Inside Dream Team gym, a former auto repair garage in Clinton, Seth “Mayhem” Mitchelldelivers body-shaking blows.
Punch after punch, his trainer, Andre Hunter, re-grips a padded medicine ball just to hold on. Mitchell unleashes another right hook. Boom.
The medicine ball plops to the mat.
Mitchell, 29, paces the boxing ring in a gym decorated with posters, mirrors and punching bags, as he waits for Hunter to recover and continue with the simulated seven-round bout. Time is ticking away. Mitchell is less than two months from the biggest fight of his career, his HBO debut against a so far undetermined competitor on Aug. 27.
Known not only for his power, but for his quick hands and feet, Mitchell is undefeated as a professional and has ascended into the top 100 heavyweight fighters in the United States, with a 22-0-1 record in three years.
“Pain,” Hunter said in describing Mitchell’s punches after Wednesday’s workout. “If we haven’t been doing it for a while, I’m sore and I’m trying to figure out where this injury comes from and where that injury comes from. And sometimes I’m bruised real bad.”
Mitchell, who is 6 feet 2 and weighs 245 pounds, threw his first punch at a middle school Halloween dance. The kid was a bully, Mitchell recalls. He stood up to him and won his first and only fight in school.
He played football at Michigan State before a knee injury cut his career short and, in an almost spur-of-the moment decision, he took up boxing.
“The ring is my home now,” Mitchell said. “This is the new football field.”
Mitchell’s televised debut on Showtime May 13 against Nicaraguan Evans “The Sandman” Quinn ended in the first round with his seventh consecutive knockout and 16th overall. “I like being in this position, when the stakes are high,” he said. “As long as I continue to progress, as I’ve been doing, before the end of 2013 I see myself fighting for a title.”
Dan Rafael, an ESPN.com boxing writer who has followed Mitchell since his debut, has called him the best American heavyweight prospect. “He has had a very steep learning curve,” Rafael said. “He has improved in a very short period of time. He’s still very untested. But there’s still a lot to be proven between now and when he fights for a title, if he gets to that point. [Aug. 27th] is a very, very important fight for him.”
Mitchell’s passion for competition flourished at Gwynn Park High School where, as a linebacker, he became the first football player in school history to have his jersey retired. He finished his senior year with 146 tackles, 9 sacks and 6 interceptions to lead the Yellow Jackets to a berth in the 2A state championship. He was the 2000 Associated Press Maryland Defensive Player of the Year and also earned all-American and Washington Post All-Met honors.
Mitchell rode his success to a full scholarship at Michigan State, where a sprained right MCL sidelined him for his freshmen season. Knee inflammation forced him to sit out the first five games of the next season, although he returned to start five games.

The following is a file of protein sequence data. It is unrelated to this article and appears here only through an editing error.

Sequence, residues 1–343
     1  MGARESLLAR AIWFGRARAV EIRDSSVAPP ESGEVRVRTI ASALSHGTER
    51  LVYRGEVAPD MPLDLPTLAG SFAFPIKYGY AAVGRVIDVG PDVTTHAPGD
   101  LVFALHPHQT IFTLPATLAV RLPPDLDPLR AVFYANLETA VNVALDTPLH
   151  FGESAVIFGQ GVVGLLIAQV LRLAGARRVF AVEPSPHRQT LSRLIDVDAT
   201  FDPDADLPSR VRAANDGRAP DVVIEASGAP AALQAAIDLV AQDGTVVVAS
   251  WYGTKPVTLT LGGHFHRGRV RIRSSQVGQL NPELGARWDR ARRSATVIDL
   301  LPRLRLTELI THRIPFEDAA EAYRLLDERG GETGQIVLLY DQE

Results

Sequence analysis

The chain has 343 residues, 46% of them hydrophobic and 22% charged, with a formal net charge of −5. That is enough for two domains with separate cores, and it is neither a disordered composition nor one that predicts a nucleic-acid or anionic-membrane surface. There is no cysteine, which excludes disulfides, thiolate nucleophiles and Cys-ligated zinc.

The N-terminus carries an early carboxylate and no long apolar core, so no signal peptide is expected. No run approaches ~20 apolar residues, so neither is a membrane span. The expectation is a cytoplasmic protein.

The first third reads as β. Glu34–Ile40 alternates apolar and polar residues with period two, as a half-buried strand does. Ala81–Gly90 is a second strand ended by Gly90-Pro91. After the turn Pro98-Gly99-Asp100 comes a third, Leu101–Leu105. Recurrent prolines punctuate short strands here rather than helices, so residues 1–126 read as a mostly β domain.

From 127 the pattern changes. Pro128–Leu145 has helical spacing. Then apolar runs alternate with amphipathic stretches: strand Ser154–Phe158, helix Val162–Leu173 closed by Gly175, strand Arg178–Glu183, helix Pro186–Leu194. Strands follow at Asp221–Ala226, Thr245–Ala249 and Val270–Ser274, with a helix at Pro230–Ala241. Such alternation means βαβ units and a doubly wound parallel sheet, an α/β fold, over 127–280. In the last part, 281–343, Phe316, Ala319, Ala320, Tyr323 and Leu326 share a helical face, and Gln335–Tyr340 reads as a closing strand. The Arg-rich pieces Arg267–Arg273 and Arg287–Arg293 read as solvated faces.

Mitchell tallied 103 tackles as a redshirt sophomore, despite dealing with sharp pain in his knee. He spent the next year trying to recover from knee surgery, but soon the pain was too much.
“One day I said, ‘enough is enough’ and I walked away from the sport,” Mitchell said. “When I made my decision, I was ready to make it two years earlier. . . I felt I did everything in my power to continue my career and it just wasn’t working.”
In 2006, Mitchell called home to Brandywine to tell his mother and his high school coach, Maurice Banks, that he was coming home to take up a new profession, one that had nothing to do with his criminal justice degree.
A few days earlier, he had watched former Notre Dame safety and current Baltimore Raven Tom Zbikowski make his professional boxing debut at Madison Square Garden. The move meant leaving his future wife, Danielle, who was pregnant with their daughter, Aurielle, at the time and starting a boxing career with no experience.
“I never really heard him talk about boxing before,” Danielle said. “I never really noticed that he was a fan of boxing. He just said, I think it’s something that I could be good at. . . . For the most part, it was like ‘Okay, if that’s what you want to do, how can we work this out?’ ”
“Team Mitchell” didn’t take long to form, starting with Manager Sharif Salim, who put Mitchell in touch with Hunter. After knocking out nine of 10 boxers he faced as an amateur, Mitchell debuted as a pro in 2008. After winning his first fight, he signed with Golden Boy Promotions, the organization founded by former champion Oscar De La Hoya.
“When I go back and watch the fight, I look terrible,” Mitchell said.
On Wednesday morning, Mitchell donned his Michigan State green mesh shorts, which match the boxing shoes he painted green. He arrived to work out carrying a white plastic trash bag half-full of boxing gear and his water bottle, a gallon-sized Tropicana orange juice jug.
Mitchell completed a regular workout, which included seven rounds inside the ring pounding heavy mitts worn by Hunter. He finished the day with 10 minutes of jumping rope, a simulated speed bag workout, abdominal exercises and a four-mile run. When there are six weeks left until his fight, Mitchell will go 15 or 16 rounds in the ring before he gradually gears down toward the last couple weeks in August.
“I believed in myself from Day One when I said I was going to box,” Mitchell said. “I knew I could do great things in this sport. . . . I want to be financially secure and be able to let this be a platform for other things and take care of my family.”